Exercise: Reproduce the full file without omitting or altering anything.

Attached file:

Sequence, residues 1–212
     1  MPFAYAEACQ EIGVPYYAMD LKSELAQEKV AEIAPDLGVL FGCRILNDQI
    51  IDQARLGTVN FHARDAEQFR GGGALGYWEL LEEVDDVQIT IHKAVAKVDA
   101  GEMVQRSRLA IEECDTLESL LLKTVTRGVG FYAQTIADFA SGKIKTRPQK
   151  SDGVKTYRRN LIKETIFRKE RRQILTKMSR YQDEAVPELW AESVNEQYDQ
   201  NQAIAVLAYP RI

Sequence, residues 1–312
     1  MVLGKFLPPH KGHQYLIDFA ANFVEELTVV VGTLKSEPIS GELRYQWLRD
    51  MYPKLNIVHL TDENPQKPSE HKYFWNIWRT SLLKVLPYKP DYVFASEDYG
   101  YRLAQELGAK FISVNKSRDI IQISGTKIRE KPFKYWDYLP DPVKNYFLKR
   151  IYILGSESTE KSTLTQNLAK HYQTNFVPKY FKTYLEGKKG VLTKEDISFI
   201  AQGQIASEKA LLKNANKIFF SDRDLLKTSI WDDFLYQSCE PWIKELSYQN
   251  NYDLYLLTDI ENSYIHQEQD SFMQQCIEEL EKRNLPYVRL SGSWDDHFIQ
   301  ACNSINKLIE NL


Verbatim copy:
Sequence, residues 1–212
     1  MPFAYAEACQ EIGVPYYAMD LKSELAQEKV AEIAPDLGVL FGCRILNDQI
    51  IDQARLGTVN FHARDAEQFR GGGALGYWEL LEEVDDVQIT IHKAVAKVDA
   101  GEMVQRSRLA IEECDTLESL LLKTVTRGVG FYAQTIADFA SGKIKTRPQK
   151  SDGVKTYRRN LIKETIFRKE RRQILTKMSR YQDEAVPELW AESVNEQYDQ
   201  NQAIAVLAYP RI

Sequence, residues 1–312
     1  MVLGKFLPPH KGHQYLIDFA ANFVEELTVV VGTLKSEPIS GELRYQWLRD
    51  MYPKLNIVHL TDENPQKPSE HKYFWNIWRT SLLKVLPYKP DYVFASEDYG
   101  YRLAQELGAK FISVNKSRDI IQISGTKIRE KPFKYWDYLP DPVKNYFLKR
   151  IYILGSESTE KSTLTQNLAK HYQTNFVPKY FKTYLEGKKG VLTKEDISFI
   201  AQGQIASEKA LLKNANKIFF SDRDLLKTSI WDDFLYQSCE PWIKELSYQN
   251  NYDLYLLTDI ENSYIHQEQD SFMQQCIEEL EKRNLPYVRL SGSWDDHFIQ
   301  ACNSINKLIE NL